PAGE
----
For much of Western civilization, self-loathing is ancient. For many, it is our very creation story.
And yet, outrage and despair, while not new to our time, seem to be accelerating and boiling over in the 21st Century. A 2018 NPR-IBM Watson Health poll showed that 84% of Americans believe that we are angrier now than a generation ago. A 2014 Pew Research Center poll found that in the United States highly negative views of the opposing political party had more than doubled since 1994. The 2019 Gallup Global Emotions Report, polling over 150,000 people from more than 140 countries showed that the world is the angriest it’s been, having climbed steadily over the past two decades. Something has allowed our outrage, despair, and self-loathing to kick into overdrive.
This acceleration of outrage and despair largely coincides with the advent of our vast global communications networks.
For millennia, humans would get a slow trickle of news from neighboring villages or towns. Every so often, there’d be news from far away. But for the most part we were largely confined to our communities and the surrounding vicinity. This news from abroad helped us grow and evolve. We’d occasionally hear cautionary tales that would help us avoid the pitfalls other communities experienced. But ultimately, we were comforted in rarely having to confront radically new ideas that challenged our core values and beliefs The amount of new information coming in was controlled and manageable.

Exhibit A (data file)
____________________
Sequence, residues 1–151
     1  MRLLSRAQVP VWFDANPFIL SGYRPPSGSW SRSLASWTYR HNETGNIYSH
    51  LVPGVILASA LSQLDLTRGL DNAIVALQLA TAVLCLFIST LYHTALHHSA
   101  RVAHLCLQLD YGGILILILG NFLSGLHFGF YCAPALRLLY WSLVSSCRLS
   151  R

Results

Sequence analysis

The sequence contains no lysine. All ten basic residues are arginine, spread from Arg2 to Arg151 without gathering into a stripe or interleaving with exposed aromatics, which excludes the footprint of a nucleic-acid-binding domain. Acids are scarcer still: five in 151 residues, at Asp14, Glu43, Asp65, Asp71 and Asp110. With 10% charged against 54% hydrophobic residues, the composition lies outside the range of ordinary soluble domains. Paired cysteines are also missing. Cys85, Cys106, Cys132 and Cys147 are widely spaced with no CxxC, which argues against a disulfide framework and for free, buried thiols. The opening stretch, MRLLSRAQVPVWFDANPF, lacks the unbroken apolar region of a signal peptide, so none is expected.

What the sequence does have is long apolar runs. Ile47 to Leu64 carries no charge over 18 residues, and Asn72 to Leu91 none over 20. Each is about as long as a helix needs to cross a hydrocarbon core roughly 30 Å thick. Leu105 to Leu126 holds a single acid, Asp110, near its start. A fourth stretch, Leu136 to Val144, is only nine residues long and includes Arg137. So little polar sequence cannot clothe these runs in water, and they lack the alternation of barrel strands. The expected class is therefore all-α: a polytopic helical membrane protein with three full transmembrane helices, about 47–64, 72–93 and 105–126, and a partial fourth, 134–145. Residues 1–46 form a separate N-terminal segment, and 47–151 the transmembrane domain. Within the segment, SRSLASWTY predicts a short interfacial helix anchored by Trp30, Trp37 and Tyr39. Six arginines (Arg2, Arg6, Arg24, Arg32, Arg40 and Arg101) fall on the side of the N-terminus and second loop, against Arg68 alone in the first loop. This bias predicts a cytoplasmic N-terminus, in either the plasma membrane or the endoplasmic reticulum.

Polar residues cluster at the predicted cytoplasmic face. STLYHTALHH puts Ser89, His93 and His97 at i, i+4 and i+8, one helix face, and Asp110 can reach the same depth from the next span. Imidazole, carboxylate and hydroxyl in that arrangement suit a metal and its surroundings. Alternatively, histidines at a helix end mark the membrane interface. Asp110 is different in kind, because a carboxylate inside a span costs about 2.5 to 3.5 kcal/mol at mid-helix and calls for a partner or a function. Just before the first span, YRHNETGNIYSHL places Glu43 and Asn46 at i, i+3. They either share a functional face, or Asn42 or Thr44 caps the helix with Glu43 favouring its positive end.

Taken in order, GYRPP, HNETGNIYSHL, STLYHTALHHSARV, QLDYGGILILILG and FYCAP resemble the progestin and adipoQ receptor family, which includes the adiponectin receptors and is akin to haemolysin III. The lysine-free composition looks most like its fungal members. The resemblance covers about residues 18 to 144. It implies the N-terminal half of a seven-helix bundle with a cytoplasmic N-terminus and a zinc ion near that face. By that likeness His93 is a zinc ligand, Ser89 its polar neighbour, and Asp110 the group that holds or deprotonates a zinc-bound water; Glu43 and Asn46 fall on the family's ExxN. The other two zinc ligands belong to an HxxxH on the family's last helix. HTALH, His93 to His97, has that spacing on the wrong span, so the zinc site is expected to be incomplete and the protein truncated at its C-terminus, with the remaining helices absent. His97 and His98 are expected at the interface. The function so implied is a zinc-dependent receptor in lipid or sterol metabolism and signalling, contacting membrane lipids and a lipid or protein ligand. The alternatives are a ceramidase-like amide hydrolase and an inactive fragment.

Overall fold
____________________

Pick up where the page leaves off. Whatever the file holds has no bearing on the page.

Today, we are inundated with information from around the world. We can look up news on any topic or location at the press of a button. We can watch and interact in real-time as events unfold in Hong Kong or Afghanistan. We can play video games and make friends with strangers in Korea.
This revolution in our access to information brought the possibility that we could greatly amplify the positive effects of news, allowing us all to learn from a much larger and more diverse pool of cautionary tales and innovations. There was great hope that it could rise all ships and connect us together as a global village.
And in some ways it has. We can show solidarity with and actively facilitate the protests of the Arab Spring from halfway around the world. We can support strangers through GoFundMe campaigns when they face with skyrocketing medical bills. We can create niche communities of like-minded people from around the world, when before we might be isolated in our small hometowns with few people with which to share our passions. We can cooperate to create a vast, democratic global encyclopedia of knowledge available to everyone in the world for free.
But we are also now blasted with a firehouse of beliefs and viewpoints that challenge the very foundations of our values. We see a friend of a friend of a friend expressing viewpoints we find objectionable. We hear about a government two continents away instituting a policy we find reprehensible. We seemingly hear all the cautionary tales from all the communities around the world.
We, in the blink of an eye in historical time, have to cope with unprecedented, unrelenting bad news and challenges to our beliefs, worldviews, and identities.